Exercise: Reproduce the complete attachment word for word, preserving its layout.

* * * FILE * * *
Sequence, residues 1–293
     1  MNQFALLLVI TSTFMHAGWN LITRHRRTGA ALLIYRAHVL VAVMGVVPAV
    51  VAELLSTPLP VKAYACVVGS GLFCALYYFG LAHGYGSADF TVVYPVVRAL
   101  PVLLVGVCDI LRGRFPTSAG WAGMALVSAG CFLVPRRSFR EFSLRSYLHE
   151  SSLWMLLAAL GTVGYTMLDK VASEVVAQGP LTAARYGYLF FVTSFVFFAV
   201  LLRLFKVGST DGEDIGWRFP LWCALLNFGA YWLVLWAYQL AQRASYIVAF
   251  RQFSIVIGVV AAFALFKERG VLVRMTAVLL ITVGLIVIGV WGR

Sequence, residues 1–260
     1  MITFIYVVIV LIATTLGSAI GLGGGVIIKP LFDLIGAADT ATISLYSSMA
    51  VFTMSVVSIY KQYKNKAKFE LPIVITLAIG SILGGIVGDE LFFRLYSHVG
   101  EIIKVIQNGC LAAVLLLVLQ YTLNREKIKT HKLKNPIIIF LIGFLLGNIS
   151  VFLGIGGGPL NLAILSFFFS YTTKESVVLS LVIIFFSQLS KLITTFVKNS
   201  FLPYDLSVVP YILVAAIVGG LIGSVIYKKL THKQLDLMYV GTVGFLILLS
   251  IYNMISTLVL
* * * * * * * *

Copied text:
Sequence, residues 1–293
     1  MNQFALLLVI TSTFMHAGWN LITRHRRTGA ALLIYRAHVL VAVMGVVPAV
    51  VAELLSTPLP VKAYACVVGS GLFCALYYFG LAHGYGSADF TVVYPVVRAL
   101  PVLLVGVCDI LRGRFPTSAG WAGMALVSAG CFLVPRRSFR EFSLRSYLHE
   151  SSLWMLLAAL GTVGYTMLDK VASEVVAQGP LTAARYGYLF FVTSFVFFAV
   201  LLRLFKVGST DGEDIGWRFP LWCALLNFGA YWLVLWAYQL AQRASYIVAF
   251  RQFSIVIGVV AAFALFKERG VLVRMTAVLL ITVGLIVIGV WGR

Sequence, residues 1–260
     1  MITFIYVVIV LIATTLGSAI GLGGGVIIKP LFDLIGAADT ATISLYSSMA
    51  VFTMSVVSIY KQYKNKAKFE LPIVITLAIG SILGGIVGDE LFFRLYSHVG
   101  EIIKVIQNGC LAAVLLLVLQ YTLNREKIKT HKLKNPIIIF LIGFLLGNIS
   151  VFLGIGGGPL NLAILSFFFS YTTKESVVLS LVIIFFSQLS KLITTFVKNS
   201  FLPYDLSVVP YILVAAIVGG LIGSVIYKKL THKQLDLMYV GTVGFLILLS
   251  IYNMISTLVL